By Leilani Nisperos
Special to La Prensa
Hundreds of chanting protesters crossed the border from San Ysidro into Tijuana last Saturday for a bi-national march against the Free Trade of the Americas Agreement. The march was part of a three-day long event held in solidarity with protesters gathering in Quebec, Canada, where heads of state from 34 Western Hemisphere governments met to discuss the accord.
Organizers of the event say the FTAA would increase profits for multinational companies while worsening poverty, work-ing and environmental conditions for employees throughout the region. Mary Grillo, executive director of SEIU Local 2028, spoke at a Friday night meeting, and called the FTAA "a race to the bottom for all of us."
"We say no to a world where company CEOs earn 470 times what a worker does," said Medea Benjamin of the Green Party. "That is not democracy." Benjamin ran for vice president with Ralph Nader in recent elections.
The FTAA is a proposed trade agreement that would in effect expand the North American Free Trade Agreement, which affects the U.S., Canada and Mexico, to all democratic governments within the region. Governments in support of the FTAA pledged last weekend to ratify an agreement by 2005.
The agreement would reduce taxes on goods imported from member countries, and allow free trade throughout the Western Hemisphere. It would compete with trade blocks such as the European Union. The EU is a group of European nations that has banded together for a variety of reasons, including increased economic power.
Cuba would be excluded from the FTAA because the U.S. State Department considers the country a "totalitarian state." Cuban President Fidel Castro took power in 1959, and declared the government a socialist state in 1961.
Free trade advocates say the FTAA would increase living standards in third world countries in the Western Hemisphere and benefit the San Diego area. The Stop the FTAA Coalition, a group involved in organizing the event, charges NAFTA with sending 500,000 U.S. jobs to other countries, and with intimidating union organizers abroad. Other groups point to weakened environmental, health and safety laws. The Sierra Youth Coalition alleges that since NAFTA started, pollution in Mexico has doubled.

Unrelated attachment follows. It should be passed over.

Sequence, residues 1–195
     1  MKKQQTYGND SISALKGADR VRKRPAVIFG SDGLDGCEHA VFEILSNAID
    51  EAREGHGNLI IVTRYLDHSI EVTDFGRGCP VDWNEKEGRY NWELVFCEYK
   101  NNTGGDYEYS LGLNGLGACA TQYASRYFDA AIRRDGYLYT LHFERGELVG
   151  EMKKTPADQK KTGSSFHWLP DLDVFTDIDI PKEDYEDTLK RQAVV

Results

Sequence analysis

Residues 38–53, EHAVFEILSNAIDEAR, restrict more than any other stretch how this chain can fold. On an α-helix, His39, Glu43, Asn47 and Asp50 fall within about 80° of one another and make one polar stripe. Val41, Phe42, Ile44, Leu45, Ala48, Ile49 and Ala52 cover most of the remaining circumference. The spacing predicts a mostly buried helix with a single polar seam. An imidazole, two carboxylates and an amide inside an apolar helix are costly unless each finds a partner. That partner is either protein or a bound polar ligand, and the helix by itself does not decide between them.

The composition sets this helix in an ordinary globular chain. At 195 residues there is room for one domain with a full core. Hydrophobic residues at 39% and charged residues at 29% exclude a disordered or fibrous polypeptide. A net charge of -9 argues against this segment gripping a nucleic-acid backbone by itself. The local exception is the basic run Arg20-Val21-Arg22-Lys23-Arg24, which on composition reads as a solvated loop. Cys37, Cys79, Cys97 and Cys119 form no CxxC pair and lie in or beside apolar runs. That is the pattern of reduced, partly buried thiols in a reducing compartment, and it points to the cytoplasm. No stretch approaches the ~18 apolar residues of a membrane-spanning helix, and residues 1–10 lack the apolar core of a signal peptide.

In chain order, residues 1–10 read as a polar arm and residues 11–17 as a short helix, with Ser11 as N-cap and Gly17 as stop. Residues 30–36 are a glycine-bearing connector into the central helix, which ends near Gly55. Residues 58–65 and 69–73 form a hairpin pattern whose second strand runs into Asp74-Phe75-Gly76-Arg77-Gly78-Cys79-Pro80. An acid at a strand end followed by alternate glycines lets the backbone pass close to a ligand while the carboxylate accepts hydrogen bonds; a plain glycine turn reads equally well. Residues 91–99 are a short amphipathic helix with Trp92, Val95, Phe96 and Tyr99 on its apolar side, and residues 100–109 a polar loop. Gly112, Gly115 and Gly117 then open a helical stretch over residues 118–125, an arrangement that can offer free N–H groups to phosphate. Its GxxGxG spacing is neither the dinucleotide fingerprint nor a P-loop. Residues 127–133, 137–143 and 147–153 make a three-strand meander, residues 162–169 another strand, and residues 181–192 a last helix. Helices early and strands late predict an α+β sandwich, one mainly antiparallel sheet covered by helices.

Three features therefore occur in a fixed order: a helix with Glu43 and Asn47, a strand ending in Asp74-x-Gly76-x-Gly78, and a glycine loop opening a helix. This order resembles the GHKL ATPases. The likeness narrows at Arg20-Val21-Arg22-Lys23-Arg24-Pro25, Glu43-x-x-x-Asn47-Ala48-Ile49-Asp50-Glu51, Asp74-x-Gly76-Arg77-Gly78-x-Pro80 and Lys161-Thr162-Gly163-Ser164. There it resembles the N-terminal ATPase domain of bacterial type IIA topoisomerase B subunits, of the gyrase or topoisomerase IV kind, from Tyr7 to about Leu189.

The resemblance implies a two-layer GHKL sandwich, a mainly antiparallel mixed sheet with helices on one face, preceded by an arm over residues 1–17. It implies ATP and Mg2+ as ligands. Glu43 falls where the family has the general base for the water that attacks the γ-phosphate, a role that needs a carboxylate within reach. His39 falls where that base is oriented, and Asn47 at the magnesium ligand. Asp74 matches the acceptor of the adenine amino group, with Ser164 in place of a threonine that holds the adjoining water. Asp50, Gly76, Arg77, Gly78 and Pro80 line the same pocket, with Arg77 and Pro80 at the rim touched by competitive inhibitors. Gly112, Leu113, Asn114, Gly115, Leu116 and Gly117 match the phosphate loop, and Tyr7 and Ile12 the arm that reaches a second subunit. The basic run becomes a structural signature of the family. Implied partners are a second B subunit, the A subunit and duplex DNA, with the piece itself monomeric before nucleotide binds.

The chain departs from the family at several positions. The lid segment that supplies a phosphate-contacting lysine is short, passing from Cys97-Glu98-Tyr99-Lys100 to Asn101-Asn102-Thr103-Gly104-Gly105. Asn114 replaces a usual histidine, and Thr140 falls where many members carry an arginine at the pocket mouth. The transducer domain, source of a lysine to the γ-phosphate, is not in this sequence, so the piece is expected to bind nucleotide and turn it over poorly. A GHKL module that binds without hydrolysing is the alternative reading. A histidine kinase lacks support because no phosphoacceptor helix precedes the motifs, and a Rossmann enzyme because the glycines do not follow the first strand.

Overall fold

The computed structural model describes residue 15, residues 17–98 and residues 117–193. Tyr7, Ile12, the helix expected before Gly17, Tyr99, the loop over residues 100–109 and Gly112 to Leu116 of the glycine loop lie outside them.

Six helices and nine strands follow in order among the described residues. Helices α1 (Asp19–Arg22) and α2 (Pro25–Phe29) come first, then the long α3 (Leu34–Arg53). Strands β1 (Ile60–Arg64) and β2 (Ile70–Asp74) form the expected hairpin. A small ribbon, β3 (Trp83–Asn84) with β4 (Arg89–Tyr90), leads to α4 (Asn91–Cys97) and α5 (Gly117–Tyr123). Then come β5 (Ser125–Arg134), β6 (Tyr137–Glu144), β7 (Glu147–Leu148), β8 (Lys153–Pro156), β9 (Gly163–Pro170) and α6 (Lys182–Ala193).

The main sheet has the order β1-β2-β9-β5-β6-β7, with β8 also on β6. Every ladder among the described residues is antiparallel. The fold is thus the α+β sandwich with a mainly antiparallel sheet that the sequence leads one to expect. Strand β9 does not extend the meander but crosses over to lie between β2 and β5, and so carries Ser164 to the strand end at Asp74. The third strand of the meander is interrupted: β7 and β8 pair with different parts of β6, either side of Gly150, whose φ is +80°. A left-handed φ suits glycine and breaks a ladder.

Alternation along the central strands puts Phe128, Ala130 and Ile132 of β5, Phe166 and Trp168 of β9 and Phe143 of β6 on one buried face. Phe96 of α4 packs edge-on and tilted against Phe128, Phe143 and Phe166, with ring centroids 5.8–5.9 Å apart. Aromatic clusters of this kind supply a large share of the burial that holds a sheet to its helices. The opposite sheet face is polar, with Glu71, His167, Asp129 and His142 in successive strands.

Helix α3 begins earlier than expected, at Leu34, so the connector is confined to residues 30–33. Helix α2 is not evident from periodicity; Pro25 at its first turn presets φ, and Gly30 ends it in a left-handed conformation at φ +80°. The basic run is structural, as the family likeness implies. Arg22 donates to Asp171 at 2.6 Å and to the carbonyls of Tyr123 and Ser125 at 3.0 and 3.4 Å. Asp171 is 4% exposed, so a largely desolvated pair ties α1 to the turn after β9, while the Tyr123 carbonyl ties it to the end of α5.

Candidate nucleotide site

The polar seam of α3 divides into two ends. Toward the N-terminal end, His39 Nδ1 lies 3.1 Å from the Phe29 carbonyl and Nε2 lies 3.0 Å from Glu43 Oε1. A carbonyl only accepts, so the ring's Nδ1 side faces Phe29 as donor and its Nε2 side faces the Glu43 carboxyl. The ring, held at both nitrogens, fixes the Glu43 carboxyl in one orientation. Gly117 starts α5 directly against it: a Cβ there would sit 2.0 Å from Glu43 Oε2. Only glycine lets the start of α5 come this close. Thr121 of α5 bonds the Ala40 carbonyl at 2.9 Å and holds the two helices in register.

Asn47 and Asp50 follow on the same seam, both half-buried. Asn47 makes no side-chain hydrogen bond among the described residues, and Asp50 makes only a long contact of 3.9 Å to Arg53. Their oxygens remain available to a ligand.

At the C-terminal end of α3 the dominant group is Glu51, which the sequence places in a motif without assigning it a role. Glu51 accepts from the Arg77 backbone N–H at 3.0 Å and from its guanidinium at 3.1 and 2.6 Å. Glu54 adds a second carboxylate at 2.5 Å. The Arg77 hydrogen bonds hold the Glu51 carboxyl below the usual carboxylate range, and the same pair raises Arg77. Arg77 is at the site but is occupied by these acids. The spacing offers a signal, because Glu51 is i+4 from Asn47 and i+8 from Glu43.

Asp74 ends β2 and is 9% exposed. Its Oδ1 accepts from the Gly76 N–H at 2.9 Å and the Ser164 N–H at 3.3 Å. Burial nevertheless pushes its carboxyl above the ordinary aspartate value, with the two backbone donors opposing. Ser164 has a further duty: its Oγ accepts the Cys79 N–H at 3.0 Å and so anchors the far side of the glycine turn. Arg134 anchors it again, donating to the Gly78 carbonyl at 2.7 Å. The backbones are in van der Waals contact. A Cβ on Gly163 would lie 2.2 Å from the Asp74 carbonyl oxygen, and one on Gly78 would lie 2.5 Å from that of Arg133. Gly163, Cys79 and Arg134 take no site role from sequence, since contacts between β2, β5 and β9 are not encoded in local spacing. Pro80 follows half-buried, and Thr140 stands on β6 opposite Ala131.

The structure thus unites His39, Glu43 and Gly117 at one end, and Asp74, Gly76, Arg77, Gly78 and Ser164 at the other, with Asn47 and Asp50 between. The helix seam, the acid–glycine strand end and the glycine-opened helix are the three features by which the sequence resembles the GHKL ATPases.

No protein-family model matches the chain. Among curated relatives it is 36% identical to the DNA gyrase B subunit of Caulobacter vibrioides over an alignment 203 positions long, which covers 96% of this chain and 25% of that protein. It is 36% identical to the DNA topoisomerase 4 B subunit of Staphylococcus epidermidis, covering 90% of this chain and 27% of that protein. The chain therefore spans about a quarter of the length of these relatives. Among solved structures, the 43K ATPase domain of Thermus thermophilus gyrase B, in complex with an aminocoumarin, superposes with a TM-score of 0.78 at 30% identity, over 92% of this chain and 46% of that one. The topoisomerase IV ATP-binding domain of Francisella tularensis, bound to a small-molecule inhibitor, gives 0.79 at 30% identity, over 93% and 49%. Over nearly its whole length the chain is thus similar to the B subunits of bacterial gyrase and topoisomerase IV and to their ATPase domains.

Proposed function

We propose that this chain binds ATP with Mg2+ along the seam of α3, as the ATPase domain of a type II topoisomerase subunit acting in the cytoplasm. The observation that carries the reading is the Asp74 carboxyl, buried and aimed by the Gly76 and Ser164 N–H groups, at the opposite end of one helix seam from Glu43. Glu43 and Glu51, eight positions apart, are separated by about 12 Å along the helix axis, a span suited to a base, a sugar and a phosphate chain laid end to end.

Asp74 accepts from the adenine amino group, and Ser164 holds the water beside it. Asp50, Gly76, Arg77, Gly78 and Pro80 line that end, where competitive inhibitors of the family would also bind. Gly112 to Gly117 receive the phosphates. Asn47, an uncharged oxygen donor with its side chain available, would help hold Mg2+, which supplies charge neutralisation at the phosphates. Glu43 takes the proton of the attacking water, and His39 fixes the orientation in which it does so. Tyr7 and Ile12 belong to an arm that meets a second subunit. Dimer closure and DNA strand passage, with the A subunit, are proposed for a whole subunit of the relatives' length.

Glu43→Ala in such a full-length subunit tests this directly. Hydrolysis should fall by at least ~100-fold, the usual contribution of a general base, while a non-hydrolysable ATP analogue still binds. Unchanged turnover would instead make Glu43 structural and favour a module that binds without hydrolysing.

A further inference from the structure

The groups say the FTAA would cripple the ability of governments to enforce their own environmental laws. According to the Stop the FTAA Coalition, the California-based Metalclad company has sued the state of San Luis Potosi in Mexico for not allowing the construction of a hazardous waste dump.
Other critics of the agreement say NAFTA has increased poverty in Mexico since it started in 1994, and believes that the FTAA would only spread increased poverty to the rest of Latin America.
According to the Union Tribune, at the Canadian event Mexican President Vincente Fox reiterated some of those concerns. "Trade has helped people in Latin America, but has failed to root out poverty," Fox said. "There is a lot to celebrate, but there is also a lot to lament."
The three-day event held here began with educational sessions and speeches at the First Unitarian Church in Hillcrest on Friday. The Saturday march to the border started with a rally at Larson Park in San Ysidro, and ended with a concert in Playas de Tijuana. On Sunday a cross-border conference was held in Tijuana.
Protesters in San Ysidro came from a variety of groups, from AFL-CIO labor leadership and environmental organizations to a group of anarchists that called themselves the Black Block.
A spokesman for the San Diego Police department said 700 to 1,000 protestors attended the Saturday event, which officers describes as "relatively mellow."
"There was some dancing, some singing. No one was arrested and no one was hurt," said Bill Robinson, a spokesman for the department, who said 35 officers were in San Ysidro as backup, but were never called out. A minor disagreement started in Larson Park between protesters and police when officers stopped a young Latino and searched his pockets because they thought he had a knife. The crowd started chanting, "Let him go!" and officers released the young man after finding nothing.
The event was organized by a group called the "Red de los Globalifobicos," a network of organizations based in Tijuana and throughout California.